Author(s): Conner SD, Schmid SL
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Abstract The mu 2 subunit of the AP2 complex is known to be phosphorylated in vitro by a copurifying kinase, and it has been demonstrated recently that mu 2 phosphorylation is required for transferrin endocytosis (Olusanya, O., P.D. Andrews, J.R. Swedlow, and E. Smythe. 2001. Curr. Biol. 11:896-900). However, the identity of the endogenous kinase responsible for this phosphorylation is unknown. Here we identify and characterize a novel member of the Prk/Ark family of serine/threonine kinases, adaptor-associated kinase (AAK)1. We find that AAK1 copurifies with adaptor protein (AP)2 and that it directly binds the ear domain of alpha-adaptin in vivo and in vitro. In neuronal cells, AAK1 is enriched at presynaptic terminals, whereas in nonneuronal cells it colocalizes with clathrin and AP2 in clathrin-coated pits and at the leading edge of migrating cells. AAK1 specifically phosphorylates the mu subunit in vitro, and stage-specific assays for endocytosis show that mu phosphorylation by AAK1 results in a decrease in AP2-stimulated transferrin internalization. Together, these results provide strong evidence that AAK1 is the endogenous mu 2 kinase and plays a regulatory role in clathrin-mediated endocytosis. These results also lend support to the idea that clathrin-mediated endocytosis is controlled by cycles of phosphorylation/desphosphorylation.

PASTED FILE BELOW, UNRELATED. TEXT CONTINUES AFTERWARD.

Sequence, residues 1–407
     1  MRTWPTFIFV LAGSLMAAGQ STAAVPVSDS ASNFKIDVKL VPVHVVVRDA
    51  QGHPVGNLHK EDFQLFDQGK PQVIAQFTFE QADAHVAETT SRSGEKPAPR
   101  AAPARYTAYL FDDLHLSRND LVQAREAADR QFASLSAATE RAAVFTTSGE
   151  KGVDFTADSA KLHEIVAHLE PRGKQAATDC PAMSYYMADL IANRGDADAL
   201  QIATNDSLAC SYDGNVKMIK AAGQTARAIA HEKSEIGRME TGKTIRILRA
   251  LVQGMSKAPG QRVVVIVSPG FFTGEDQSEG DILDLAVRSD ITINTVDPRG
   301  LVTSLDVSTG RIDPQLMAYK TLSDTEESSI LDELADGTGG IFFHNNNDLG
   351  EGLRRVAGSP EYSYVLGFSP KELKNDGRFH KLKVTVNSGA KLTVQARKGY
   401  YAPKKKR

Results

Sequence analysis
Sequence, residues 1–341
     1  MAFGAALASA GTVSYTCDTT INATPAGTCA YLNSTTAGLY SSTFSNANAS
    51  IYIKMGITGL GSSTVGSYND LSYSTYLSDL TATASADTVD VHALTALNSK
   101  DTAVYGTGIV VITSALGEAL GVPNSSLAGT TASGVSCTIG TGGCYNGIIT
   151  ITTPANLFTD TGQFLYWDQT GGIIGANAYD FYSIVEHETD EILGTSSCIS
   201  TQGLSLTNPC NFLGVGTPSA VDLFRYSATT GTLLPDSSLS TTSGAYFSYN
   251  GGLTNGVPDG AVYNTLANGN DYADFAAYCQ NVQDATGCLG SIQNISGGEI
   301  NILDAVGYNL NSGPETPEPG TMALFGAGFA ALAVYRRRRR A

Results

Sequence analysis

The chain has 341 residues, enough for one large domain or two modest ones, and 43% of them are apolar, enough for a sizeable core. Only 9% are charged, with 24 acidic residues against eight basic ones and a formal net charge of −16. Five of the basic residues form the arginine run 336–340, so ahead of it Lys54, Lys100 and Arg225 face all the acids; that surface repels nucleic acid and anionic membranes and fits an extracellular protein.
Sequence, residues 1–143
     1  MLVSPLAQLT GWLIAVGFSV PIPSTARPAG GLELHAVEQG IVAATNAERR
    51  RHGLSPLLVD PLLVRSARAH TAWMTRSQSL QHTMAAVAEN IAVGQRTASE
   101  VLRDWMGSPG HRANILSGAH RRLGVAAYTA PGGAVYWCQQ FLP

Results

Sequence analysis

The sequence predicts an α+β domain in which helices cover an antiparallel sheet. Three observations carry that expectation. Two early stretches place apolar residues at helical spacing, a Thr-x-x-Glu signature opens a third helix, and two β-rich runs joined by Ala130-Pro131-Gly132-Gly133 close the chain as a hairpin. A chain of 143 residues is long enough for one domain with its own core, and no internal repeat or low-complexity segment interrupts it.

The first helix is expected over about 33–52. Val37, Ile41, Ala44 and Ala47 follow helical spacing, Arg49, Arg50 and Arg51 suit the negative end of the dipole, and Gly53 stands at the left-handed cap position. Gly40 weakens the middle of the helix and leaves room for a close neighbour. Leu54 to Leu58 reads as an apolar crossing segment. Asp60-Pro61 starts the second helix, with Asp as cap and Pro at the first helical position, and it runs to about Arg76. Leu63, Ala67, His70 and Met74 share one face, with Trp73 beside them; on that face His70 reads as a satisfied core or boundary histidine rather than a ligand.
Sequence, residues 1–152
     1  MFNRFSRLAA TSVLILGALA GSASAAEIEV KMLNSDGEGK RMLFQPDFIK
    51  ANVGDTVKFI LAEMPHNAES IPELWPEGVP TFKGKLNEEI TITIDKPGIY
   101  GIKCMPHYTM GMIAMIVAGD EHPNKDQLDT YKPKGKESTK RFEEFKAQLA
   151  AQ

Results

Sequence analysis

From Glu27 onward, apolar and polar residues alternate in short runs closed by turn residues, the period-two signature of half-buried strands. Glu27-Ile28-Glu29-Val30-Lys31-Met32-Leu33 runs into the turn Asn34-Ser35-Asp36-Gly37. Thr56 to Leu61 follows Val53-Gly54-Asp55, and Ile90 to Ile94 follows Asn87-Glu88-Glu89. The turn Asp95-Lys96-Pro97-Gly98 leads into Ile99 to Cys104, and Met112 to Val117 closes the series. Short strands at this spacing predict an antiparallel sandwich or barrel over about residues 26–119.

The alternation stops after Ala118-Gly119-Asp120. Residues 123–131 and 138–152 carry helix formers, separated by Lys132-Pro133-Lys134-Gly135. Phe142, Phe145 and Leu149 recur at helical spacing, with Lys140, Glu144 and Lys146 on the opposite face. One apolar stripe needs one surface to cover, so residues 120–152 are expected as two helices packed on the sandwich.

This article was published in J Cell Biol
and referenced in Journal of Addiction Research & Therapy